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Cluttercore explained: Inside the noughties inspired fashion trend taking over TikTok

Marie Kondo is shaking


Cluttercore is more than just having a messy room. It’s a whole fashion aesthetic inspired by 2010. The twee-adjacent style at the time was worn by celebrities such as Florence Welch and Alexa Ching however it’s now being revamped by the likes of Bella Hadid and Emma Chamberlain.

We’re seeing influencers experiment once again with mixing textures, patterns and accessories that look as though they belong on a fashion blog dedicated to the naughties. Cluttercore isn’t just about fashion though, it’s also the spaces we live in. So, here’s a rundown of what cluttercore means and where it came from:

Cluttercore is the opposite of organisation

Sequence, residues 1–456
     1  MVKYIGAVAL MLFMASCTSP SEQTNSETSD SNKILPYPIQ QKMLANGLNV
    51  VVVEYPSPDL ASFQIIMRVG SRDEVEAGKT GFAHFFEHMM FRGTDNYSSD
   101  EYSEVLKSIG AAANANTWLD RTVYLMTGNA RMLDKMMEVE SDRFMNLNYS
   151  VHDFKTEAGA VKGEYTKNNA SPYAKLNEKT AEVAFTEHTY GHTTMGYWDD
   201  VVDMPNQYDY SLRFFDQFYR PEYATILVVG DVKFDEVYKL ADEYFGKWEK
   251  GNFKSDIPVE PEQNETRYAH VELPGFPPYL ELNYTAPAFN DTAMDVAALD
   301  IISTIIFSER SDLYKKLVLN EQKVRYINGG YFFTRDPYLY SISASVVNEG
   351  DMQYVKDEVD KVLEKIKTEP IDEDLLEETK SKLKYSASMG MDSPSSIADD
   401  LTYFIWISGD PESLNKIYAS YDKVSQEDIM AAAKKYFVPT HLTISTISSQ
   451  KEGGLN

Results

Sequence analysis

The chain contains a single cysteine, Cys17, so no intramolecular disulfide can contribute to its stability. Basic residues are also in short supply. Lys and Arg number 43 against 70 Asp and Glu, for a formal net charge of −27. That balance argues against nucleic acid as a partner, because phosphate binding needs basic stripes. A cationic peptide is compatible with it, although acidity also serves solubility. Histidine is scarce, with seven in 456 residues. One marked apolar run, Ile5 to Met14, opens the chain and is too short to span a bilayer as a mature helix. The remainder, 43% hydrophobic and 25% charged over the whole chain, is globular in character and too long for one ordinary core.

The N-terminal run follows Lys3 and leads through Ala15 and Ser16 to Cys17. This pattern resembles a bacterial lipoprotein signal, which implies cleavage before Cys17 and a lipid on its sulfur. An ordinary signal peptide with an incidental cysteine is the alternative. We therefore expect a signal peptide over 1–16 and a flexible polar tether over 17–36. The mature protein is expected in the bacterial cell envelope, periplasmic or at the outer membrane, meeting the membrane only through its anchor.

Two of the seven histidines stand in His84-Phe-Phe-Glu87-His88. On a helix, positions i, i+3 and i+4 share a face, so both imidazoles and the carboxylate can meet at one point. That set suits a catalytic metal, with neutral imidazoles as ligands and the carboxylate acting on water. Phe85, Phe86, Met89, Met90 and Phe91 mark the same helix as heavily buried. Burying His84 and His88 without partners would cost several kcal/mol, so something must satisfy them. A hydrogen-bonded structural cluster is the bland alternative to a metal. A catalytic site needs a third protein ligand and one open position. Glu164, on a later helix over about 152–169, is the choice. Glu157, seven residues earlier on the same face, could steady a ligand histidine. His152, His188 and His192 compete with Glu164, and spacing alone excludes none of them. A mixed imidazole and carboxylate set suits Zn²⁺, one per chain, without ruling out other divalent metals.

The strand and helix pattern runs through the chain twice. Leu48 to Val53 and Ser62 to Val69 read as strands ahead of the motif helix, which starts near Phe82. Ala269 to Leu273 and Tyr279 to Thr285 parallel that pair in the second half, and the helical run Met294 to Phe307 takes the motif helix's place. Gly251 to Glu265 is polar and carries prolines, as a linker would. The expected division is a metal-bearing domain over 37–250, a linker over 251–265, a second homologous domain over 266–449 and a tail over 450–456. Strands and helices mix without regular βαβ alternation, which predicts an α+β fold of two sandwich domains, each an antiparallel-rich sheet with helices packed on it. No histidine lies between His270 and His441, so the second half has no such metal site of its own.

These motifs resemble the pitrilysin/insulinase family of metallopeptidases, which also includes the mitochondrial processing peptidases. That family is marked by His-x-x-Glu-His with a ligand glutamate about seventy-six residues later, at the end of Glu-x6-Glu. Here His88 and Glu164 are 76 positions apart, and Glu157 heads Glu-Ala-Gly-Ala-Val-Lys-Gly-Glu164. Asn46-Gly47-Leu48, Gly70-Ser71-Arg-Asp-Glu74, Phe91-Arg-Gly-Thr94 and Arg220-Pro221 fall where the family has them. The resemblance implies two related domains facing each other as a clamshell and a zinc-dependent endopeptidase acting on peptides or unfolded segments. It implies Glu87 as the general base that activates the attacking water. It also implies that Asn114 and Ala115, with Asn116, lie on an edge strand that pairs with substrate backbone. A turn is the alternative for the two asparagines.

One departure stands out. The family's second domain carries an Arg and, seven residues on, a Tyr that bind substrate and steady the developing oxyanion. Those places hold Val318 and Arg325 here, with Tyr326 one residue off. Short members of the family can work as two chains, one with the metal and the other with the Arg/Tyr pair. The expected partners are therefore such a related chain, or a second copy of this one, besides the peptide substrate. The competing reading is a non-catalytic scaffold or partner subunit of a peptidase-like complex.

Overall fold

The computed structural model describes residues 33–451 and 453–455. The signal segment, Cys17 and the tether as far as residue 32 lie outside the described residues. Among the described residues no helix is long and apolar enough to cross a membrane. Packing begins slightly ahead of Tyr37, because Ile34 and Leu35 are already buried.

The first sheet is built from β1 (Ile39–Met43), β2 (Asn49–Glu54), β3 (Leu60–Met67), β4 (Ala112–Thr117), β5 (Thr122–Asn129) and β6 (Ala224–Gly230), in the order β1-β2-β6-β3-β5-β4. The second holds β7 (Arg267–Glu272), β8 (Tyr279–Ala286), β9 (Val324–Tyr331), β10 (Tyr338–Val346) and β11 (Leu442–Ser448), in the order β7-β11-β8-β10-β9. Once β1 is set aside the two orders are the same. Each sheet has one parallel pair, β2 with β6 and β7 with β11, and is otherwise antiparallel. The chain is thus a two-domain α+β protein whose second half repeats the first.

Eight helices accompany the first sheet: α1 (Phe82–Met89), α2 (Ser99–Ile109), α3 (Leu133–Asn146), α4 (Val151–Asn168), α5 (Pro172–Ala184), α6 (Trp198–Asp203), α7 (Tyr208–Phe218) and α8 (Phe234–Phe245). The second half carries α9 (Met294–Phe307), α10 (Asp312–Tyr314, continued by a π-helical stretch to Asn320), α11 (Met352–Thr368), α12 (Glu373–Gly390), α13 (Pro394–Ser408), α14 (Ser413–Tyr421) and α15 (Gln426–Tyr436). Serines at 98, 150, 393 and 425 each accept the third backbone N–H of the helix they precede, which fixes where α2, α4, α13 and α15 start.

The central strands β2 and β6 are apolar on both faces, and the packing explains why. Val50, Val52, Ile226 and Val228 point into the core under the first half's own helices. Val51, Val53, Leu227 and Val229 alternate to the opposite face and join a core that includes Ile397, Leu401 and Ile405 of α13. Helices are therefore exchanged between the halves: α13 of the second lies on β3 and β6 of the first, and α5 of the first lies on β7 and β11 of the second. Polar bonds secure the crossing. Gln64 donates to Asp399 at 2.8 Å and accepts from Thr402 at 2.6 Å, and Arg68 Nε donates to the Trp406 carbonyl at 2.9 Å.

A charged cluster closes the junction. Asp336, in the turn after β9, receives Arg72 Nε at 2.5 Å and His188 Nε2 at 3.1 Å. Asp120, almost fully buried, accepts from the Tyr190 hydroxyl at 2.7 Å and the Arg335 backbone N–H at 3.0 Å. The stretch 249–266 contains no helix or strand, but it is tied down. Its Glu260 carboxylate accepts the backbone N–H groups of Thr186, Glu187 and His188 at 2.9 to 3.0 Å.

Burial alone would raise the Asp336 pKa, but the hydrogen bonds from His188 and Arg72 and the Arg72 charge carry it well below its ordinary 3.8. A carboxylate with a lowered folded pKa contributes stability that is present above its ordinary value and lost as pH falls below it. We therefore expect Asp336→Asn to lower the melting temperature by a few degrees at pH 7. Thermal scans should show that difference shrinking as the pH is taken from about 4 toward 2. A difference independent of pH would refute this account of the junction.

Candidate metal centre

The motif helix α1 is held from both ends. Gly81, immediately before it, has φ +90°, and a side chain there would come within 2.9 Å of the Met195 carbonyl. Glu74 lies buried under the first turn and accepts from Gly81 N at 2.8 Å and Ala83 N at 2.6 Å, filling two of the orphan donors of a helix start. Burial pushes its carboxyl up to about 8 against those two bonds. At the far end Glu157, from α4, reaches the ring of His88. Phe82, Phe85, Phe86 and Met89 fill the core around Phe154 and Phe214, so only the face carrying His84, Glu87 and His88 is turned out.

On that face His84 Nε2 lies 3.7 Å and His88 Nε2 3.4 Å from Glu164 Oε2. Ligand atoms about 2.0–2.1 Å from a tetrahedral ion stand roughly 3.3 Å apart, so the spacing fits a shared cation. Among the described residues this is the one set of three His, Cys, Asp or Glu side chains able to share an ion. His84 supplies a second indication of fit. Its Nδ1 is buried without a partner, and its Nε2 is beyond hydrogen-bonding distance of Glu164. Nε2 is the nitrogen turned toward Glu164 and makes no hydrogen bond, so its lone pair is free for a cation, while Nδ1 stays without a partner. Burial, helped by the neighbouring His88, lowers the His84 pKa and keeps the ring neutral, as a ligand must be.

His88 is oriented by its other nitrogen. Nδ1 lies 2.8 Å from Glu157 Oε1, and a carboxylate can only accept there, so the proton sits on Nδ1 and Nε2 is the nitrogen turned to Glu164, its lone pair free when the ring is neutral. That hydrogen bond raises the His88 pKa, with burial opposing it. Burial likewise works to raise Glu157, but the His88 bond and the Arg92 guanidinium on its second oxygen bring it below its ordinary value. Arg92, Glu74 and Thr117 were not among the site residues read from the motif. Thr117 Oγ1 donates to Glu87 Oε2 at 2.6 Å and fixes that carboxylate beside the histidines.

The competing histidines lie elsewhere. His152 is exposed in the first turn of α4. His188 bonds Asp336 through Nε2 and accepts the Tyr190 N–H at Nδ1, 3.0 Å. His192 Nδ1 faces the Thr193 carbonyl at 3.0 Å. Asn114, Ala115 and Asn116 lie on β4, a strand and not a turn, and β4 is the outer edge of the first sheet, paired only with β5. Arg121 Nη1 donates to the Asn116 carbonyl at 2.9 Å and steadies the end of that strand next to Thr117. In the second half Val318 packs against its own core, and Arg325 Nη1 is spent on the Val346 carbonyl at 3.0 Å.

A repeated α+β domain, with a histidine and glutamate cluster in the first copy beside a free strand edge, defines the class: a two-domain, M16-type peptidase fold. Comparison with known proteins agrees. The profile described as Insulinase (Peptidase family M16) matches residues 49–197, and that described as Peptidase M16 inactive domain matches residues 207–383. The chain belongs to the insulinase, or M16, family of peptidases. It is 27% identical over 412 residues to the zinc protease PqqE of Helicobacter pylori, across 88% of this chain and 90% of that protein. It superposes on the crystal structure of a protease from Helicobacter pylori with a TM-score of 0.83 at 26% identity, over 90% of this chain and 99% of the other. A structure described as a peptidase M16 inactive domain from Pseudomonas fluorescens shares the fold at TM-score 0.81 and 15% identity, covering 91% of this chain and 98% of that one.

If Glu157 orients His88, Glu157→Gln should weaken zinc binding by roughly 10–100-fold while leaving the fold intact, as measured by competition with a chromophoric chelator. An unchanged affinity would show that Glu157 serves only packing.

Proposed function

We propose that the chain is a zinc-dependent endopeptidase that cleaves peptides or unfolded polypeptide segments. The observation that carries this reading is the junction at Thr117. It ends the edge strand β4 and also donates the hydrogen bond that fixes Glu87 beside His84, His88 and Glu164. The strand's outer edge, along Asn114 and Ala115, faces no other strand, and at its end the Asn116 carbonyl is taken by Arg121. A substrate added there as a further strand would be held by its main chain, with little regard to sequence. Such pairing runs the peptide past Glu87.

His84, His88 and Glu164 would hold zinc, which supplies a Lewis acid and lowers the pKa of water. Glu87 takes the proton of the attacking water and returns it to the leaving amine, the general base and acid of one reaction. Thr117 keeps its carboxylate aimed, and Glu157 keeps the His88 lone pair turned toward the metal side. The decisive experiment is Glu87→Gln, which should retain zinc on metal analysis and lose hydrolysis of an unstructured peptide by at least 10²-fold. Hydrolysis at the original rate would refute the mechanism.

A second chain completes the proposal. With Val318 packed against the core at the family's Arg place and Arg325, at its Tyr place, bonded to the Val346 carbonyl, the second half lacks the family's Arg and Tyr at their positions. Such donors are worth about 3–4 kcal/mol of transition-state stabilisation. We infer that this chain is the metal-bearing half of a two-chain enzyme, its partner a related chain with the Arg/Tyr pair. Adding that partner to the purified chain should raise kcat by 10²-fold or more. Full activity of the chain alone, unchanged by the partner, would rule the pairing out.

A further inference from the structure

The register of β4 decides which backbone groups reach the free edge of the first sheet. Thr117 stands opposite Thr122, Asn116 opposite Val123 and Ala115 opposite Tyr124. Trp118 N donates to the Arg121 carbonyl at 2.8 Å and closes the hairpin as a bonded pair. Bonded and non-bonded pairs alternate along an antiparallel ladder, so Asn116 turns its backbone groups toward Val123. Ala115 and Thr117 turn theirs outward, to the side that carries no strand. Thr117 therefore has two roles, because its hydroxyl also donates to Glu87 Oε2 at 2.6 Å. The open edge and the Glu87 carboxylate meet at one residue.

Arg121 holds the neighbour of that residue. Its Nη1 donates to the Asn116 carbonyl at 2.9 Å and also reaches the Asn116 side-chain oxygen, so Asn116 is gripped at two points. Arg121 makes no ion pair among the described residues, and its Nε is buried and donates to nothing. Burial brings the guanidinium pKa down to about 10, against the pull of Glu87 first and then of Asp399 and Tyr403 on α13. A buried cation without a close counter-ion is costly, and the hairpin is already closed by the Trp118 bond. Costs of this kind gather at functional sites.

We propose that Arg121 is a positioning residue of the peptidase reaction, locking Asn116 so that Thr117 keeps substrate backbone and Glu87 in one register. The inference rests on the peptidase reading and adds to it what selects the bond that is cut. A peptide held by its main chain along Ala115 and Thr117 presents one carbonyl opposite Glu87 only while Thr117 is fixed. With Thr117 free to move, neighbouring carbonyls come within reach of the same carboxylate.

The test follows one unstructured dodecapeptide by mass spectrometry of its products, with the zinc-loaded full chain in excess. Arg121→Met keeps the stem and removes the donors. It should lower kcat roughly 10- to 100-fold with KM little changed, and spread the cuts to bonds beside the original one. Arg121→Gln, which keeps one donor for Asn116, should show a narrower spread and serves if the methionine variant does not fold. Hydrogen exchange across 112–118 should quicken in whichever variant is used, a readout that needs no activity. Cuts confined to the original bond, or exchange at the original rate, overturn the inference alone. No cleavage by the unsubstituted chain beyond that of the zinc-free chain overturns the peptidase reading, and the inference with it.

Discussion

Marie Kondo is seething over the thought of cluttercore. It’s essentially showing how minimalism is out and maximalism is very much so in. We’re talking loud outfits and cluttered spaces.

Cluttercore requires personality and celebrates individuality. If you think about Emma Chamberlain, her aesthetic is the perfect definition of cluttercore. She’s not messy, she curates her own chaos and it works. Despite sometimes her fashion being compared to grandma’s she doesn’t care and she just goes harder every time.

Cluttercore is the iconic love child of Tumblr fashion and the weird girl aesthetic, it’s not hard to see why there’s nostalgia for it. It originates from a time when trends were way cooler than they are now.

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